According to other sources, the Sociedad Parva Domus began as a peculiar cultural association; a place of gathering for participants of the local fishing parties. On August 4, 1895, the members of this Society assembled and decided that their name would be changed to “República de Parva Domus Magna Quies”. It is a place of relaxation and recreation, distant from the bustle of the city, and largely ignored by most Montevideans. Inside the Republic, “passionate discussions are not permitted”, and one can't speak about politics and religion (perhaps the prohibition extends even to economics, or any other subject which causes division among people). Their credo alludes to Tolerance, Friendship, Fraternity, and Equality; and they are well-known for their sumptuous meals.
After World War I, they wanted to emulate the Swiss and form their own type of Dadaist movement (which was founded in Zurich); at the time, Uruguay was considered the “Switzerland of South America” (due to its social peace, its relatively stable democracy, and its advanced level of economic development). They were serious admirers of the poet Comte de Lautréamont, who was born in Montevideo. This brotherhood has its own President, Vice-President, Ministers, and Ambassadors. Some of their laws are downright droll and surreal, and they are fond of comical rituals and customs. The Republic is reminiscent of a “secret society”, and it is surrounded by a myth of impenetrability. Their membership is restricted to those of the masculine gender, and its members have included some of the most illustrious names in the field of academia, the arts (painters, photographers, singers, musicians, actors), science, and high-society (including some millionaires). Even though one of the articles in their Constitution states that “Neither women, nor animals, nor inferior beings” are admitted inside, females are actually allowed entrance twice a year, for a special dinner. I learned a portion of this information from one of its citizens, Mr. Walter Carrasco. Here is one more odd thing he had to say: “The only one who commands us is the president and we all obey him with pleasure and admiration because he is our teacher, because in the parva domus, we are ignorant people and the person who enlightens us is the president when he talks and explains what he is saying because we never understand anything.”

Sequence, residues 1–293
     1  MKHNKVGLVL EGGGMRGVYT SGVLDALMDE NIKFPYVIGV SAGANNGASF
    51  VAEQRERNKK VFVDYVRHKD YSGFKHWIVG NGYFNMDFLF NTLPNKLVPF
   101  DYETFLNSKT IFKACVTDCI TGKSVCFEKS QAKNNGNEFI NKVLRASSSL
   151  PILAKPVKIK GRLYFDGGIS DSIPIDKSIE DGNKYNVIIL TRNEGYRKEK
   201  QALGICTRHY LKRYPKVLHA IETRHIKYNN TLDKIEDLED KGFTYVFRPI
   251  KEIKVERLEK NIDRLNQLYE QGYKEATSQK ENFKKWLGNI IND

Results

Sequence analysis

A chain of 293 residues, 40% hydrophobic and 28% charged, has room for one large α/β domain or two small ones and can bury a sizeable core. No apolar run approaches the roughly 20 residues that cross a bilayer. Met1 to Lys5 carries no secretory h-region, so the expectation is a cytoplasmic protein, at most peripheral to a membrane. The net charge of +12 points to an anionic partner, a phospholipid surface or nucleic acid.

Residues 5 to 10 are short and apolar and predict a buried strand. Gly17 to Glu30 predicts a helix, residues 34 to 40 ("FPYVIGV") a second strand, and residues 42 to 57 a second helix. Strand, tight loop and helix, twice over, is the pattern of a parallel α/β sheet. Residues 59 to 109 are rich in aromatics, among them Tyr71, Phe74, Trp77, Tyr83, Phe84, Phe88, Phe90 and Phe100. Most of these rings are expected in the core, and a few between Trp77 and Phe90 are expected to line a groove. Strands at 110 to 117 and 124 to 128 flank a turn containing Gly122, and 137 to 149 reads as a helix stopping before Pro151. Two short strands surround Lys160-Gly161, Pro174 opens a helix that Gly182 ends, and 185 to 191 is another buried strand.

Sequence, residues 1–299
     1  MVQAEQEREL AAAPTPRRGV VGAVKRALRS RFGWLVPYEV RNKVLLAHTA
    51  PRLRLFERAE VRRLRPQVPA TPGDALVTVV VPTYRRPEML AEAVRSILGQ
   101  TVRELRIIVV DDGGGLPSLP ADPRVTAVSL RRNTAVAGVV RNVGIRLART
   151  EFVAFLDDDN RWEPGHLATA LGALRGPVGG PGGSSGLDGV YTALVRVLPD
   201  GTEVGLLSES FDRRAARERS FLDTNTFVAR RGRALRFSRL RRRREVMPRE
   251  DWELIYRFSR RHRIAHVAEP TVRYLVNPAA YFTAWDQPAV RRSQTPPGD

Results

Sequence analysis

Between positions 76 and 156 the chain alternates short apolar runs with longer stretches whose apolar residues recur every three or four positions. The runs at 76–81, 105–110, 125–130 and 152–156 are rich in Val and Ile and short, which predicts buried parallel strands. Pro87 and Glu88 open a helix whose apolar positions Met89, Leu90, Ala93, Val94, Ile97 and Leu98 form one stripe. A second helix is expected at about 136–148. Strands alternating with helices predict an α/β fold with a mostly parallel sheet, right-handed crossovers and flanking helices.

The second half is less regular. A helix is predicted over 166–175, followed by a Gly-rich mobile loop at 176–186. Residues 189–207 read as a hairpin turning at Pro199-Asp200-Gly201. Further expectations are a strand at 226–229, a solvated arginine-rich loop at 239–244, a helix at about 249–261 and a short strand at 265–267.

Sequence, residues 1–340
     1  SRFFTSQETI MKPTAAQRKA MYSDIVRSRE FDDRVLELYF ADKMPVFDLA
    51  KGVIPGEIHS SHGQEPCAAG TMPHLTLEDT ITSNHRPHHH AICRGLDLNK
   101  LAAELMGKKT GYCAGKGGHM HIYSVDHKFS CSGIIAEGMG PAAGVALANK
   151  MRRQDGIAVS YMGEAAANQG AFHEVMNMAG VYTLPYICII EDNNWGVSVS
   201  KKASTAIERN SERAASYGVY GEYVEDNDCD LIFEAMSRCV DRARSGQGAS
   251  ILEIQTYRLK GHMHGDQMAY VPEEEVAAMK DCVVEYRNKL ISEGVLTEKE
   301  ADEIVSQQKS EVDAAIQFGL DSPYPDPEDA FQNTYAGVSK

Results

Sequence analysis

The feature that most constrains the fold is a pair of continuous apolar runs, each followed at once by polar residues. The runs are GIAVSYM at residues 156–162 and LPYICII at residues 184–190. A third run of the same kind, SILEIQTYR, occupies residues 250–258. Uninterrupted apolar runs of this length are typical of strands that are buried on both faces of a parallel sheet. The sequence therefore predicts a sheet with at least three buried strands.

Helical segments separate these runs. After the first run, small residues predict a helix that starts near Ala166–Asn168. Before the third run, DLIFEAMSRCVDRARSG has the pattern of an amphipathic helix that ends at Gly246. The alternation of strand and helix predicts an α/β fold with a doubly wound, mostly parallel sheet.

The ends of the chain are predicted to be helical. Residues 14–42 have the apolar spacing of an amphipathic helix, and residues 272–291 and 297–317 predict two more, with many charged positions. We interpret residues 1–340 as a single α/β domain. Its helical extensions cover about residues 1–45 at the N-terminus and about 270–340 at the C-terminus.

In 2003, they issued 3 coins to commemorate their anniversary. These were 1 Peso Cobre, 5 Pesos Plata, and 10 Pesos Oro. Previously, under the name “Republica Parvense”, they had issued a 1953 10 Pesos Oro (perhaps this coin commemorates their 75th anniversary), and an undated 1 peso (one catalogue states circa 1890s; but it is more than likely from 1953 as well, or possibly from 1928, when the Parva Domus would have reached its 50th anniversary). These coins were purportedly used for gambling, and perhaps also used for buying other items within the walls of the Republic. They have also produced some banknotes, including a humorous one for the absurd amount of 499 Pesos.